What on earth happened to George Shultz? So wondered Republicans and Democrats alike when, in 2007, President Reagan’s former secretary of state emerged as one of the leading champions of the complete elimination of nuclear weapons.
Their confusion was forgivable. Whether or not you liked Shultz, you knew where he stood: a consummate Cold Warrior and the architect of a foreign policy regarded as the modern apotheosis of “peace through strength.” Detractors regarded this legacy with alarm, recalling what they saw as unremitting nuclear brinkmanship and ideological anti-communism. In the eyes of supporters, these same traits established him as a chief spokesperson for the halcyon days of Ronald Reagan.
That’s why this new move to ban the bomb seemed, to many, like an about-face for Shultz—reminiscent of Robert McNamara’s famous retrospective disavowal of Vietnam-era policies he’d designed. But it turns out that this represents a fundamental misunderstanding, both of Shultz the man and his nearly seven-decade career.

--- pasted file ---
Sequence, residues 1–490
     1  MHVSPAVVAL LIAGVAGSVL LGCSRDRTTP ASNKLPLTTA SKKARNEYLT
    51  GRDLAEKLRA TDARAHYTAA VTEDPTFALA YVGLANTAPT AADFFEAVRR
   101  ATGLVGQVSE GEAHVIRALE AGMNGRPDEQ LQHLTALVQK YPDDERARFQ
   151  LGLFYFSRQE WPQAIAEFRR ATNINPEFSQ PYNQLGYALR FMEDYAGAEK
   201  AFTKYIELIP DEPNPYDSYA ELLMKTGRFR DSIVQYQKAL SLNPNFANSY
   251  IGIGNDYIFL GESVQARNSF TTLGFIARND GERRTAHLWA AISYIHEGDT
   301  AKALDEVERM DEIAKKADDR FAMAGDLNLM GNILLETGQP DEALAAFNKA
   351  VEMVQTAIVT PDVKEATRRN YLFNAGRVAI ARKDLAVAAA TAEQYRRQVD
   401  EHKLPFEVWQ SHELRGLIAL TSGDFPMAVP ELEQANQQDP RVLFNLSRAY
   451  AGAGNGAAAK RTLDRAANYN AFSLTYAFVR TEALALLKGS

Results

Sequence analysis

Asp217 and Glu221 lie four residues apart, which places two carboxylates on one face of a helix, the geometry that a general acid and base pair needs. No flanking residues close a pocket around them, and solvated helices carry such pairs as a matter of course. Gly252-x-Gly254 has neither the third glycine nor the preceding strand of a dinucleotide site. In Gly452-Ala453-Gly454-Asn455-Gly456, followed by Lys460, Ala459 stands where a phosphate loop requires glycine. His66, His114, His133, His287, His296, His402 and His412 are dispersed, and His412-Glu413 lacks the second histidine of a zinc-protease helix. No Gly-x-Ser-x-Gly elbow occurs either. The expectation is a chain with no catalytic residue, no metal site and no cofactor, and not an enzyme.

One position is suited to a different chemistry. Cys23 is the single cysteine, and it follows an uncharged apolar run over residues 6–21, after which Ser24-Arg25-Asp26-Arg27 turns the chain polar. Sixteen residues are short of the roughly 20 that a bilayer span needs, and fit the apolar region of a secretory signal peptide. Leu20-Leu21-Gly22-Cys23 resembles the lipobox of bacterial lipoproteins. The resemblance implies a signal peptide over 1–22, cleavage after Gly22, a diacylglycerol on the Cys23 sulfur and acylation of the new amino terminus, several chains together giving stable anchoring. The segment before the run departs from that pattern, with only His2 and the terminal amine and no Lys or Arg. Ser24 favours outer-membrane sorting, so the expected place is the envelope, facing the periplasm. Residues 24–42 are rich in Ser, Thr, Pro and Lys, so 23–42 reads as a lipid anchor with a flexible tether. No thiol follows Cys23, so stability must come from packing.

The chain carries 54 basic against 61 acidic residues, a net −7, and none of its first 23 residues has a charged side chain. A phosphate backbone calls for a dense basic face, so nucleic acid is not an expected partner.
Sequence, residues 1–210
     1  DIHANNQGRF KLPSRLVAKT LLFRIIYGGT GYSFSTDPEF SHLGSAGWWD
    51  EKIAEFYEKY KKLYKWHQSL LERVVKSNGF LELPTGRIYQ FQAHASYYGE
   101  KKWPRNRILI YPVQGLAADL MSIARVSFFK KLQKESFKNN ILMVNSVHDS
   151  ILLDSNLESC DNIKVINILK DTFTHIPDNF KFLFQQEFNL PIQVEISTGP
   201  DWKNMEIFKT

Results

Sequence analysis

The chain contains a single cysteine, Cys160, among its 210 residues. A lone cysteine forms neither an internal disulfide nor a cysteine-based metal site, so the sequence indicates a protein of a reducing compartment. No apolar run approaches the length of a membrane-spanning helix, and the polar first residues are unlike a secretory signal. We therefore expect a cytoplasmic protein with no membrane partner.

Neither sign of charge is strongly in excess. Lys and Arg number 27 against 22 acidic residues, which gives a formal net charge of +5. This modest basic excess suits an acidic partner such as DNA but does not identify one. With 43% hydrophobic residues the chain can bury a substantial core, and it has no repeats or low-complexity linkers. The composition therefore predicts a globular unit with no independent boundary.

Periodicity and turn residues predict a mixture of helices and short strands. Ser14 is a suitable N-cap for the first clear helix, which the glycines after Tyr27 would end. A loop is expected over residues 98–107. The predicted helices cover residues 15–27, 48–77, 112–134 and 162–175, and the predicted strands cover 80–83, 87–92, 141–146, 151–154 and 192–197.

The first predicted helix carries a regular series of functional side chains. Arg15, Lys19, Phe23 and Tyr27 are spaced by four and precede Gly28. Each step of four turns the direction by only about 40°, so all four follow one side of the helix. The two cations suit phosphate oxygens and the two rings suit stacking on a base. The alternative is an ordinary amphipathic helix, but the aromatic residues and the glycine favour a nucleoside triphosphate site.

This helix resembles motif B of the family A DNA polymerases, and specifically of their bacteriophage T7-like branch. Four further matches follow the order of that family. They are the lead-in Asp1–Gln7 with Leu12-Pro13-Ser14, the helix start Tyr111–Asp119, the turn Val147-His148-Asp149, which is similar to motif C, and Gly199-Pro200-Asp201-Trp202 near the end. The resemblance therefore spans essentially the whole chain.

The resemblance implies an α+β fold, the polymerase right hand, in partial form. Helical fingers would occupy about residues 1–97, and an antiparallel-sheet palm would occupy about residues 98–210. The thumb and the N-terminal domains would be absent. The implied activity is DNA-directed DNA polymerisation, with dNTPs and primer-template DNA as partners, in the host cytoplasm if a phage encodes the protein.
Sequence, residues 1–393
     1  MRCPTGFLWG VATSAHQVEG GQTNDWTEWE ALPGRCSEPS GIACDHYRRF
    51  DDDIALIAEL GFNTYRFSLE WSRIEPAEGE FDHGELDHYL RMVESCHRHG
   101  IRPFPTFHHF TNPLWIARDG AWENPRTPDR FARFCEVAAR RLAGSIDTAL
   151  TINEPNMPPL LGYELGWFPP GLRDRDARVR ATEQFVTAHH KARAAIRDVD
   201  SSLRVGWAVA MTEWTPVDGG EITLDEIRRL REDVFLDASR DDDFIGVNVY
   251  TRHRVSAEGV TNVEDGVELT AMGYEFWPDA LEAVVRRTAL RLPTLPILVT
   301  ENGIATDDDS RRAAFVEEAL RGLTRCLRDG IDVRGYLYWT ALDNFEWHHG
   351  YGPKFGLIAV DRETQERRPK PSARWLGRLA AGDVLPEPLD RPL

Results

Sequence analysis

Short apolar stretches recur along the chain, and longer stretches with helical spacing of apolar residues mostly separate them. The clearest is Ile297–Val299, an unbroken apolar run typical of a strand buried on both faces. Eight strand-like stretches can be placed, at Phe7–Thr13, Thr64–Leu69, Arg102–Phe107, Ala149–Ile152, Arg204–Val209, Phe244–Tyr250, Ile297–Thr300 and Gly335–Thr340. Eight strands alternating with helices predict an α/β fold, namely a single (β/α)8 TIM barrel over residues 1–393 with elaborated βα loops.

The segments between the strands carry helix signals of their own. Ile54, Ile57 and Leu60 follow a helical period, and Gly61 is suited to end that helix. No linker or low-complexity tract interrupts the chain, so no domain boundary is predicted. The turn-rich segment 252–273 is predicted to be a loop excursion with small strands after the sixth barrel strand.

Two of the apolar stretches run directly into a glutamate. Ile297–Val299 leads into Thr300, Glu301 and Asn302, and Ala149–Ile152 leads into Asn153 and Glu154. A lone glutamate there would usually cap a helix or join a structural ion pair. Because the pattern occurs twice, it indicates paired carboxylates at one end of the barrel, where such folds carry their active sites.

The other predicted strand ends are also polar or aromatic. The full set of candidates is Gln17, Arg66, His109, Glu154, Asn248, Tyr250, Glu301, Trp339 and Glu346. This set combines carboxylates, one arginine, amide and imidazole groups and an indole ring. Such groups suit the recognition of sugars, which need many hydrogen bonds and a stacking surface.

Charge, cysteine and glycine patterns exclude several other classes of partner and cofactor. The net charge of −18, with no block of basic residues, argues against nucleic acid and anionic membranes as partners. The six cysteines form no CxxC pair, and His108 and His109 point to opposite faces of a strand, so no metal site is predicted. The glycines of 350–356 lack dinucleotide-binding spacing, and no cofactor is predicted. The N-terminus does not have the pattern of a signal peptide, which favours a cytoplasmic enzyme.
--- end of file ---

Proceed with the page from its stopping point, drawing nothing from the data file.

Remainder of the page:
I sat down with Shultz in his Stanford office to talk about his status at the forefront of the latest—and most vigorous—campaign to end the nuclear threat once and for all. What I discovered was that Shultz’s current position actually stands in remarkable continuity with his history. Far from turning into a dove, Shultz wants to eliminate nuclear weapons because he’s still a hawk.
In fact, George Shultz hasn’t changed at all. It’s the world that’s changed around him. And understanding this fact is the key to understanding the surprising new coalition that’s trying to eliminate the bomb.